Handoff is a neat feature that was introduced in iOS 8 and macOS (then OS X) v10.10. This capability allows an app to pass data across macOS and iOS devices so that a task started on one device can be completed on another device. The difference between this and continuing an activity by saving a file to a place like iCloud and resuming the activity on another device is context. Meaning that when you use handoff, unlike other methods, the user of your app will be in the exact same location, when the app is opened on a second device, as they were on the first device.
At WWDC Apple announced that iOS 11 will now support Drag and Drop. This works not only within an app, but also from one app to another. Dragging between apps is only supported on iPads. Drag and Drop between apps works if the iPad is in split view mode, with both the source and destination apps open side by side, or even if the destination app is completely closed.
If you have played with iOS 11 either on a simulator or on a real device, you have probably noticed that most of the first party apps, such as Mail and Settings, use large titles in the navigation bar. We are going to look at how to implement the same navigation bar behavior in our apps. Unsurprisingly, Apple has made this very easy for us.
The debate as to whether or not the iPad can replace a computer is on going. We do not need to get into the discussion of who this might work for or what kind of work can be done with an iPad. The fact is that for some people this is already happening. Even if people are not using the iPad as a computer replacement, many people are at least using it as a light weight computer. It is a computer that has a pointing device (finger, Apple Pencil or stylus), a spacious screen and a keyboard, which allows us to use shortcuts.
CalendarKit is an open source project we have been working on to insert a calendar in an iOS app. There are many calendar frameworks that can be used but when we needed one they all seemed to be missing something that was important to us. As of June 2, 2016 we have implemented all of the features that we need. However, if you have a request for a feature let us know. We want to make this the best calendar framework there is.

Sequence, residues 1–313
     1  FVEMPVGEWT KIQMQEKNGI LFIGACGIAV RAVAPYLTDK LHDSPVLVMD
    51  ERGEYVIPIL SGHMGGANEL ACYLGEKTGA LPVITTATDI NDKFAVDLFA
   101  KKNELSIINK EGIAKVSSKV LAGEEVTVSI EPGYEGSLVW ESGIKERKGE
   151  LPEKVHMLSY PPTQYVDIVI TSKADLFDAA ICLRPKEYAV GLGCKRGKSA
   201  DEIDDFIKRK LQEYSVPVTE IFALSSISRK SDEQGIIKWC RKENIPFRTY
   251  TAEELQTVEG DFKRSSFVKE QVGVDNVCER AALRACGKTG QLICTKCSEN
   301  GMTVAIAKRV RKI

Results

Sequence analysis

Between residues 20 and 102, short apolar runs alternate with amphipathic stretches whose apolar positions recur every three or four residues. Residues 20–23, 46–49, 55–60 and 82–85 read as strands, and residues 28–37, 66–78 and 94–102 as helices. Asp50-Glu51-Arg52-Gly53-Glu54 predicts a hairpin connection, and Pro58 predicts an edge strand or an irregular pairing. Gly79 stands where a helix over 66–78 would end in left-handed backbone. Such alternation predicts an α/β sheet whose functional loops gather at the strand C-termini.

The code can be found on GitHub and can be added to your project as source code or compiled into a framework.
Completely customizable UI – Font, color, placement of UI elements – EVERYTHING.
Set a minimum and maximum date – The calendar will never scroll beyond those dates.
Set disabled dates – In some applications special dates such as holidays should be disabled.
Set disabled weekends – A quick way to disable all weekends.
Accessory views – Need some way to indicate there is data related to a particular date? Use the accessory view!
Usable wherever needed – Full screen? Embedded in a larger screen? In a popover? This calendar can do it all.
For sample code on how to best use CalendarKit, checkout the GitHub page. There is a sample app in the same project where I have demonstrated a lot of the flexibility of the framework.
If you want to get started quickly all you need is this code:
If you have been using Swift over the past few months, chances are you have come across issues using Strings. Many of the Objective-C methods we have relied on no longer work without some extra leg work. Over the last few days I have seen several questions posed on blogs and forums asking how to complete certain tasks with Swift’s Strings. Some of the answers I have seen work, but really aren’t the best answers. Here is, in my opinion, the best way to handle a few of the scenarios I have seen multiple times.
These days every company is looking to “go mobile” but what if time, cost, or personnel do not allow for your company to have a full mobile app? Here we will talk about some ways to achieve the goal of “going mobile” without creating a dedicated mobile app.